• The PROC SQL view is based on only one DBMS table (or on a DBMS view that is based on only one DBMS table).
  • The PROC SQL view has no calculated fields.
The following example uses the LIBNAME statement to connect to an ORACLE database, create a temporary PROC SQL view of the ORACLE table SCHEDULE, and print the view by using the PRINT procedure. The LIBNAME engine optimizes the processing of joins and WHERE clauses by passing these operations directly to the DBMS to take advantage of DBMS indexing and processing capabilities.
libname mydblib oracle user=user-id password=password
proc sql; 
   create view LON as 
   select flight, dates, idnum
      from mydblib.schedule 
      where dest='LON';

proc print data=work.LON noobs;
Output from the PRINT Procedure
Schedule for Destination LON

Connecting to a DBMS by Using the SQL Procedure Pass-Through Facility

What Is the Pass-Through Facility?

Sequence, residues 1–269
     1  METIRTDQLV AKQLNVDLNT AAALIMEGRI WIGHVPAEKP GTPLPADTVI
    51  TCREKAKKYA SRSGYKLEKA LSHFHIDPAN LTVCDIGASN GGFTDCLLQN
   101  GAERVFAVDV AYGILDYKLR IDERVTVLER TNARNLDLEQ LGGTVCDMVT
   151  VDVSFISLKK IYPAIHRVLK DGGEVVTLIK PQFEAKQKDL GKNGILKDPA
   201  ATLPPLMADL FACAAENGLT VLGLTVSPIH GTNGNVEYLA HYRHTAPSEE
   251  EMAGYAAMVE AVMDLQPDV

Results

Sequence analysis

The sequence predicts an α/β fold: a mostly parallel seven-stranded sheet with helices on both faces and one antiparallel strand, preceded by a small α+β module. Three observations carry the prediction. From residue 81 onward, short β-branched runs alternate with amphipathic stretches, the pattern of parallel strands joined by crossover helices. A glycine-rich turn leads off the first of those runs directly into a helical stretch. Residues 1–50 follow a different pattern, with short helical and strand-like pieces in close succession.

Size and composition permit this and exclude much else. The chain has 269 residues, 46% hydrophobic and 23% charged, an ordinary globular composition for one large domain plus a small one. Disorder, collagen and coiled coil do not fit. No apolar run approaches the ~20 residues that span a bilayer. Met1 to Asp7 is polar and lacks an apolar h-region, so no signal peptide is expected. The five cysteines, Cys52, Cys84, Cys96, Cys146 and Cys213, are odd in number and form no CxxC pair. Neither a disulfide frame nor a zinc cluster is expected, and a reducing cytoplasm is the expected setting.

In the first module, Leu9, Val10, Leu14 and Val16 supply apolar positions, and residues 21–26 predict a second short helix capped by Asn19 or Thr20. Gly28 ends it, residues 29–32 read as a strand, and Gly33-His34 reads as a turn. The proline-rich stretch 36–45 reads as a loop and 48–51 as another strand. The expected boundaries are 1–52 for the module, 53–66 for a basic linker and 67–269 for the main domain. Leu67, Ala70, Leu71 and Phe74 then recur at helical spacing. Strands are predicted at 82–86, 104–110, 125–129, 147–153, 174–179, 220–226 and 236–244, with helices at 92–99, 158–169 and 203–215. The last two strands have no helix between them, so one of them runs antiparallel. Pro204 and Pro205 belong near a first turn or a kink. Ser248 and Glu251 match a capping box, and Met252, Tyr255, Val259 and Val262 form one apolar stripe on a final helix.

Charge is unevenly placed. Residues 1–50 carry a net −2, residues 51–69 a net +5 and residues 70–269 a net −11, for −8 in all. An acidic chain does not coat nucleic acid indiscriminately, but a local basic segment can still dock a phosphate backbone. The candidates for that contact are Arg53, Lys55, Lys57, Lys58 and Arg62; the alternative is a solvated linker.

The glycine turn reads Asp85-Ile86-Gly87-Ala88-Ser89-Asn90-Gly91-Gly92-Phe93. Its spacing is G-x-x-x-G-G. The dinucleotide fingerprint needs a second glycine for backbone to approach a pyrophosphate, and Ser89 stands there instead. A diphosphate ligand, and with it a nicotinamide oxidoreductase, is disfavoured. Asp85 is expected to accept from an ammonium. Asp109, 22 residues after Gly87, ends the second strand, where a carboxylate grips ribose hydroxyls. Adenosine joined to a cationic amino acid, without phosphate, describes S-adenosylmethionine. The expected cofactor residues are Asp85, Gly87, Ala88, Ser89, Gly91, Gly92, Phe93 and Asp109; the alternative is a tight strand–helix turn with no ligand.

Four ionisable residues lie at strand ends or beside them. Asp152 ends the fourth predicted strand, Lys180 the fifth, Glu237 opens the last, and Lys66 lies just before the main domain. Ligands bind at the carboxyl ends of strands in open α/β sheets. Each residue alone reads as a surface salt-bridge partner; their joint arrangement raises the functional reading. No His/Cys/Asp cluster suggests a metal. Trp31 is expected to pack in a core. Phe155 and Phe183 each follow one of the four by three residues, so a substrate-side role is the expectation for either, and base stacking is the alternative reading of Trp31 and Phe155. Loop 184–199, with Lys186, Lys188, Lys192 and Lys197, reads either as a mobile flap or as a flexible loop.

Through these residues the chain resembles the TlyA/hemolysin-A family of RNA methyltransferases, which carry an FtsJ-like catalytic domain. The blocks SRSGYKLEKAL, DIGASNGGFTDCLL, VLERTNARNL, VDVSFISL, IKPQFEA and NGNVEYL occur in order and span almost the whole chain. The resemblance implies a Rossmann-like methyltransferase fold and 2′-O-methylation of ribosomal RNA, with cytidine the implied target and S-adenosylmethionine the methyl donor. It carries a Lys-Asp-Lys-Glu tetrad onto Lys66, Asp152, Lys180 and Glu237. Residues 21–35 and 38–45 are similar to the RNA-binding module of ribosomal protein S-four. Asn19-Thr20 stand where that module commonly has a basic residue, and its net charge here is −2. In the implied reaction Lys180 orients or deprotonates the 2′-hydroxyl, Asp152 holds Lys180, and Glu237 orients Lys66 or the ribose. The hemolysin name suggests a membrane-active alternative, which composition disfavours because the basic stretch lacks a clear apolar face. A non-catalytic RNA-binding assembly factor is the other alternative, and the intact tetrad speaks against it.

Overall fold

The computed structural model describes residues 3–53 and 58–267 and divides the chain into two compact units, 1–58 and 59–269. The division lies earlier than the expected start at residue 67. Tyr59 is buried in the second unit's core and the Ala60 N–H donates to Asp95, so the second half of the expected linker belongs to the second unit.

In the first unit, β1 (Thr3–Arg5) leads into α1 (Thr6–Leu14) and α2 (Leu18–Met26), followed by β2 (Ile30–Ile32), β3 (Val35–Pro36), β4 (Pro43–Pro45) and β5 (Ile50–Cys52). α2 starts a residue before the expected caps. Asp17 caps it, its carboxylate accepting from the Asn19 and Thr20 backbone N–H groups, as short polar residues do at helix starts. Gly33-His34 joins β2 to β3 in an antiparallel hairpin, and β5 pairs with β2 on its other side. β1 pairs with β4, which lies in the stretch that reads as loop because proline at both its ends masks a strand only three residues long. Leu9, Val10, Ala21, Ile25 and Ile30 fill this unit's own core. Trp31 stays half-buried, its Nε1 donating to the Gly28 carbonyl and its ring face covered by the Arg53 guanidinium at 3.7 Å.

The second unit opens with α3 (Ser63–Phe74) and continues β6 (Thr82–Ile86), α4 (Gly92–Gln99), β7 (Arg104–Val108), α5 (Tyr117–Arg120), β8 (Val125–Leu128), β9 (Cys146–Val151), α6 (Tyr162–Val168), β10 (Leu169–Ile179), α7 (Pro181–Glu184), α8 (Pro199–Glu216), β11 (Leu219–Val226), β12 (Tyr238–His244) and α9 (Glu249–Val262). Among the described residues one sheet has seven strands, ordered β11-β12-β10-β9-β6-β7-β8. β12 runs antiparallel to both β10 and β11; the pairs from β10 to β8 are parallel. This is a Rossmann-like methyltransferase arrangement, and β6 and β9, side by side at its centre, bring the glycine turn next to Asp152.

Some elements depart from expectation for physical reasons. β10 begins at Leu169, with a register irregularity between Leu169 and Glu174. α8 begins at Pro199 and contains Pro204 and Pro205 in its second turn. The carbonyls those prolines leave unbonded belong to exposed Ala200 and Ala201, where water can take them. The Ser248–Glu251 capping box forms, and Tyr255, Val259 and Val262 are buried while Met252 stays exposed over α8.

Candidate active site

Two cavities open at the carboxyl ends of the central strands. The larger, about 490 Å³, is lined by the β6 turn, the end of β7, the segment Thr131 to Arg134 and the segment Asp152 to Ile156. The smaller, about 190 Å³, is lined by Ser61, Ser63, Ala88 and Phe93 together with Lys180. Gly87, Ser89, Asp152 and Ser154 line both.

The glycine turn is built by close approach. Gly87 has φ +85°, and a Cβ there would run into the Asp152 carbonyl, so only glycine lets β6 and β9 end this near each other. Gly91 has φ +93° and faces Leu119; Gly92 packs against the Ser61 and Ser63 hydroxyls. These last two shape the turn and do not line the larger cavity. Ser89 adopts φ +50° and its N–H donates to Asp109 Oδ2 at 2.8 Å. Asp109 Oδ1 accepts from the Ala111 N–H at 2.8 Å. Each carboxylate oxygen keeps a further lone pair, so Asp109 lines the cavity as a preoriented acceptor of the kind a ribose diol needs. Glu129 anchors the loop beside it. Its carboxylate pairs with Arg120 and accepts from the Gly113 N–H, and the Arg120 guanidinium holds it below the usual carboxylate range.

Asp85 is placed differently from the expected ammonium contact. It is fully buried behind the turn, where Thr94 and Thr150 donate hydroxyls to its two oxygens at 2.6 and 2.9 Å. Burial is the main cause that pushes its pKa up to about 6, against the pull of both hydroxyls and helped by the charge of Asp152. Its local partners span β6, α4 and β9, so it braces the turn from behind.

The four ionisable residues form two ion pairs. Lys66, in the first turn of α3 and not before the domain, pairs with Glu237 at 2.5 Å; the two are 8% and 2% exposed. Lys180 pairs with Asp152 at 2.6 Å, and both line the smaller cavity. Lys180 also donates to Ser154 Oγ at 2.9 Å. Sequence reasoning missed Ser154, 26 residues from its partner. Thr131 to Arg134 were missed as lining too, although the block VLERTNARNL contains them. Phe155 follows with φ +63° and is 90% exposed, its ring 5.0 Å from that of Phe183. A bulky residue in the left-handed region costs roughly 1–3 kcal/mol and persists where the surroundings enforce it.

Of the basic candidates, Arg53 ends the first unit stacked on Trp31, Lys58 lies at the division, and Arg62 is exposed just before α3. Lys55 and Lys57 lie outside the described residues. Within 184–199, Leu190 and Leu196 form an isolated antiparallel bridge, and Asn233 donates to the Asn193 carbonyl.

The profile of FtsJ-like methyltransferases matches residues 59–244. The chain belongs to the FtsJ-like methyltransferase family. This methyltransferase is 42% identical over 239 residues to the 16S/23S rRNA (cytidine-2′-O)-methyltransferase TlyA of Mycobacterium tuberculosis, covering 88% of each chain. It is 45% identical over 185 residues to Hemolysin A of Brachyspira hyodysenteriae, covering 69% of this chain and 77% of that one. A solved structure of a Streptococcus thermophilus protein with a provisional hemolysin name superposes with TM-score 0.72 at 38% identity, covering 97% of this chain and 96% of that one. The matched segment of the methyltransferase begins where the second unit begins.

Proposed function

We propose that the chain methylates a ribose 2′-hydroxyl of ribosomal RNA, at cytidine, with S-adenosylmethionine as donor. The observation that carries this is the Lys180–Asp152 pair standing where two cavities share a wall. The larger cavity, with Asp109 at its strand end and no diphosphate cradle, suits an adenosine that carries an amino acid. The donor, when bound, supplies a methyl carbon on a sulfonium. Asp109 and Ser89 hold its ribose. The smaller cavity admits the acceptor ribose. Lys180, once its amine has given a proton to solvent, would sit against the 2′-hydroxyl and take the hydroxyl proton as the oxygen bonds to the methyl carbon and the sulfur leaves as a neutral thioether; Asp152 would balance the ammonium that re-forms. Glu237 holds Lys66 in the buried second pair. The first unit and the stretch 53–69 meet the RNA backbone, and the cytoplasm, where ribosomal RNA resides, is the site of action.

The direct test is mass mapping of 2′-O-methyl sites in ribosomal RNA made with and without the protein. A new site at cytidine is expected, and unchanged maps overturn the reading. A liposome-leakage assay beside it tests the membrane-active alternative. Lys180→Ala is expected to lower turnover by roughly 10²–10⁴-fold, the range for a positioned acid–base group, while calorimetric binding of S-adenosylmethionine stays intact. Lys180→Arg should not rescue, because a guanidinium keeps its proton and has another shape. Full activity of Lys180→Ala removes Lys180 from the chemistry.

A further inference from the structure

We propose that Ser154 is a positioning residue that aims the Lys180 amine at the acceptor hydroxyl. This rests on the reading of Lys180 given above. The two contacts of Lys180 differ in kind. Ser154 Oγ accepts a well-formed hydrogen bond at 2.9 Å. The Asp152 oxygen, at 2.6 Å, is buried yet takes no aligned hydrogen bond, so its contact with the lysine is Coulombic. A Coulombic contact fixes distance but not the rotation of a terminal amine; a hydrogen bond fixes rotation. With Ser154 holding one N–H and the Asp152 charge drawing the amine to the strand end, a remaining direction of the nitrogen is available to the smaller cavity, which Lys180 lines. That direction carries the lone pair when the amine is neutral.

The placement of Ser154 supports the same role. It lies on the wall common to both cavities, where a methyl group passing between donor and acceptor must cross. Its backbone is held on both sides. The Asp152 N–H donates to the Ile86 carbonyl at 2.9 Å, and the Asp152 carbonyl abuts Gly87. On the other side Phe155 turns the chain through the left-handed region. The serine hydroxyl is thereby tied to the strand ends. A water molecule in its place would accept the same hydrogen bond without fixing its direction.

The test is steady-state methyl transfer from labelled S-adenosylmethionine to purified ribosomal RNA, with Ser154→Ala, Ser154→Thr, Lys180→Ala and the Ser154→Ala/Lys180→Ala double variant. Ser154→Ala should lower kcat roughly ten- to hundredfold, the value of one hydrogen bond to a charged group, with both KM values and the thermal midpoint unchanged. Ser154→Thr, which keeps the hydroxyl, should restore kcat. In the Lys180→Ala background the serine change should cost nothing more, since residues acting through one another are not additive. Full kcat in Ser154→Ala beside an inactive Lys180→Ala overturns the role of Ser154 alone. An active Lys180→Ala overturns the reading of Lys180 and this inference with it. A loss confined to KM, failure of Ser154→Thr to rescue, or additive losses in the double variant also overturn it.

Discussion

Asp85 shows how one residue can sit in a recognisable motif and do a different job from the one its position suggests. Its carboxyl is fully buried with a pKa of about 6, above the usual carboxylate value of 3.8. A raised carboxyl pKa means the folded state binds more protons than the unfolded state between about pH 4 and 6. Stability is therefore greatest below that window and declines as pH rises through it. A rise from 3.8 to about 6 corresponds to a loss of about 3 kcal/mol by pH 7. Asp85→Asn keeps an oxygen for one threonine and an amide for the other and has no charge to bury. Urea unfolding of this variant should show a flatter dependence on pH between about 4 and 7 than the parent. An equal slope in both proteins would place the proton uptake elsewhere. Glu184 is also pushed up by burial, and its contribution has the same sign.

The SQL procedure pass-through facility enables you to send DBMS-specific SQL statements directly to a DBMS for execution. The pass-through facility uses a SAS/ACCESS interface engine to connect to the DBMS. Therefore, you must have SAS/ACCESS software installed for your DBMS.
You submit SQL statements that are DBMS-specific. For example, you pass Transact-SQL statements to a Sybase database. The pass-through facility's basic syntax is the same for all the DBMSs. Only the statements that are used to connect to the DBMS and the SQL statements are DBMS-specific.
With the pass-through facility, you can perform the following tasks:
  • Establish a connection with the DBMS by using a CONNECT statement and terminate the connection with the DISCONNECT statement.
  • Send nonquery DBMS-specific SQL statements to the DBMS by using the EXECUTE statement.
  • Retrieve data from the DBMS to be used in a PROC SQL query with the CONNECTION TO component in a SELECT statement's FROM clause.
You can use the pass-through facility statements in a query, or you can store them in a PROC SQL view. When a view is stored, any options that are specified in the corresponding CONNECT statement are also stored. Thus, when the PROC SQL view is used in a SAS program, SAS can automatically establish the appropriate connection to the DBMS.
For more information, see the CONNECT statement, the DISCONNECT statement, the EXECUTE statement, and the CONNECTION TO statement in SQL Macro Variables and System Options, and the pass-through facility for relational databases in SAS/ACCESS for Relational Databases: Reference.